STEPHEN SMITH: We want to and have to make that judgment objectively, to use the jargon, it has to be conditions based or metrics based. In other words, we have got to have the qualitative capacity there.
But when I was in Kabul recently and spoke to Minister Wardak, the Afghan Defence Minister, and to the Afghan Interior Minister, they were both optimistic and wanted to meet the 2014 transition timetable ahead of schedule...
KERRY O'BRIEN: But there is the military aspect to this and there is the political aspect and there is still the question of how real the situation is.
The celebrated American investigative journalist Bob Woodward revealed in his latest book on the Obama Administration's prosecution of the Afghanistan war that President Obama had been told by his senior advisers that 80 per cent of the Afghan Police were illiterate - this was just at the end of last year - were illiterate, drug addiction was common and many police were ghosts who cashed their pay cheques but never turned up for duty. Is this the reality that Australian forces are fighting and dying for?
STEPHEN SMITH: Well, I don't think anyone who has been involved in a deployment overseas of their nation's own troops will gild the lily in Afghanistan. There is more work to be done.
It is also the case I think that on all the evidence, the training of the police force is substantially behind the training of the Afghan National Army.
I was most encouraged - and I made this point at the time - that in the recent Parliamentary elections, whilst we expected and we expressed this point of view both before and after, expected there to be any number of complaints to the Afghan Electoral Complaints Commission about the conduct of the election itself, the Afghan National Army, primarily of the Afghan National Security Forces was responsible for the security arrangements, for the planning and arrangements and effecting security on the day of the election.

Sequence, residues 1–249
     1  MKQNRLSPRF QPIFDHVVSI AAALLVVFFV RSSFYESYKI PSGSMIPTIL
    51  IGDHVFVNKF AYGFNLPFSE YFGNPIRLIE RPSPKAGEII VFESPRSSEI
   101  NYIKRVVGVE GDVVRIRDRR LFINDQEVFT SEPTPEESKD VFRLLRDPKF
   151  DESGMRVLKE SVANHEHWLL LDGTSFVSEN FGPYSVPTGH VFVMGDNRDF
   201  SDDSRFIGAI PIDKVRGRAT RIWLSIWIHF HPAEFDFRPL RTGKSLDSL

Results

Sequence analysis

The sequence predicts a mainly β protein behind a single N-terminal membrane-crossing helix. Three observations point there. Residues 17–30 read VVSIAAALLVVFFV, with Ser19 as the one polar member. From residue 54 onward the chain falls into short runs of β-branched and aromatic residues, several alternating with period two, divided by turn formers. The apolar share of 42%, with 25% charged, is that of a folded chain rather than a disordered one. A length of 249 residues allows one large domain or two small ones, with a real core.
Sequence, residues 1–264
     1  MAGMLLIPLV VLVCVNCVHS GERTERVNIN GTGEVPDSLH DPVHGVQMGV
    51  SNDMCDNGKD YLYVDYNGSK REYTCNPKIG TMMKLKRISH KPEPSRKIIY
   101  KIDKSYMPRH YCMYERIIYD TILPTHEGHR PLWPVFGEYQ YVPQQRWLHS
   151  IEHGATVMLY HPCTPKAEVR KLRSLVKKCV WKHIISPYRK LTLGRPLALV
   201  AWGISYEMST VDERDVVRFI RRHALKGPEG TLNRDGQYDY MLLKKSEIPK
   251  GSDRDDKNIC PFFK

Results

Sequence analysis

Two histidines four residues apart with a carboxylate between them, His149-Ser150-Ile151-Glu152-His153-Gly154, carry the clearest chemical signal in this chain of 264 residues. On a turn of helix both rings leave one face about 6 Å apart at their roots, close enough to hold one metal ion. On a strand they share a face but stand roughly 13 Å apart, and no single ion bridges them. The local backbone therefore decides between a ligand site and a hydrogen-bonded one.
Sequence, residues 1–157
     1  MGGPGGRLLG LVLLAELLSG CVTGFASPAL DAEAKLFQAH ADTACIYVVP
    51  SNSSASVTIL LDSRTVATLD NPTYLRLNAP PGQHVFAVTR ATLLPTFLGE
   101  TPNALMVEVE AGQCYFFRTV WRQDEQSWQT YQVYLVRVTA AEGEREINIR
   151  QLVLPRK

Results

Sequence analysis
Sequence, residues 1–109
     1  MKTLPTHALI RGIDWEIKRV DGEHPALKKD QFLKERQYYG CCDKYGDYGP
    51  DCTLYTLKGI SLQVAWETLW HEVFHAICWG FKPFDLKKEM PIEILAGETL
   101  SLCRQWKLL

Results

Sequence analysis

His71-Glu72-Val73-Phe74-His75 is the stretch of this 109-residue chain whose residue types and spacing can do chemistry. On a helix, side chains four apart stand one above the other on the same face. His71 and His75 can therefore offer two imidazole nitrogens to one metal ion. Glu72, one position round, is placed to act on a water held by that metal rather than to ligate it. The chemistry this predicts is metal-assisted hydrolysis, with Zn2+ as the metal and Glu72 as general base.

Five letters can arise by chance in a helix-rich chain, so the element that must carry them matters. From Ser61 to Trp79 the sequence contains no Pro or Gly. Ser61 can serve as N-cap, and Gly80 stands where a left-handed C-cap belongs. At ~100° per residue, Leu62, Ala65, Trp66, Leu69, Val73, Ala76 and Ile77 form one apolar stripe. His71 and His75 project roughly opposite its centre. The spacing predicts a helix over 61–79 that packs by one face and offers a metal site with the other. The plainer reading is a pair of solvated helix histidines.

We know the Taliban sought to disrupt and prevent the election from occurring but it was a very good sign that the security forces, led by the Afghan National Army, were in a position to both plan and effect that with the International Security Assistance Force, including Australia, in reserve.
That is a qualitative improvement. That shows good progress. I think the key thing here is that the transition of responsibility for security to the Afghan Government and security forces has to be real. That's why we say it has to be conditions based and objectively assessed.
STEPHEN SMITH: Okay. The former Australian Defence Force Chief General Peter Gration has described as "overblown" the Government's ongoing claims of direct links between the security of Afghanistan and terrorist threats to Australians. To quote him directly he said "To say that what we are doing in Afghanistan is defending Australians is drawing a very long bow." How do you respond?
STEPHEN SMITH: I don't agree with that part of General Gration's assessment overnight. He is held and I hold him in very high regard and a range of things he's had to say today I've said myself before and I agree with. But we are in Afghanistan because it is in our national interests to be there. Yes, we're there as a supporter of the United Nations under a UN mandate. Yes, we're there as an Alliance partner of the United States but we're there because Afghanistan was a breeding ground for international terrorists, a shelterer of al Qaeda...
KERRY O'BRIEN: But hasn't al Qaeda moved on? Hasn't al Qaeda moved on to other bases in other countries from which it can plan and launch its terrorist attacks?
STEPHEN SMITH: Regrettably al Qaeda does have other bases in other parts of the world. I have never asserted and don't deny that the threat of international terrorism is in one location. Yes, we have done substantial damage and inhibited al Qaeda in Afghanistan substantially, but they are still there.
They are not the only potential terrorist threats – the Haqqani group is another one. But the grave fear is if we leave too early we open up the potential and the prospect of what previously existed. That is why we have to stay the course but, most importantly, why our mission has to be to transfer responsibility to the Afghans themselves because we can't be there forever.
KERRY O'BRIEN: Okay. Stephen Smith, I am sorry but we're out of time. Thanks for talking with us.
STEPHEN SMITH: Thanks, Kerry. Thanks very much.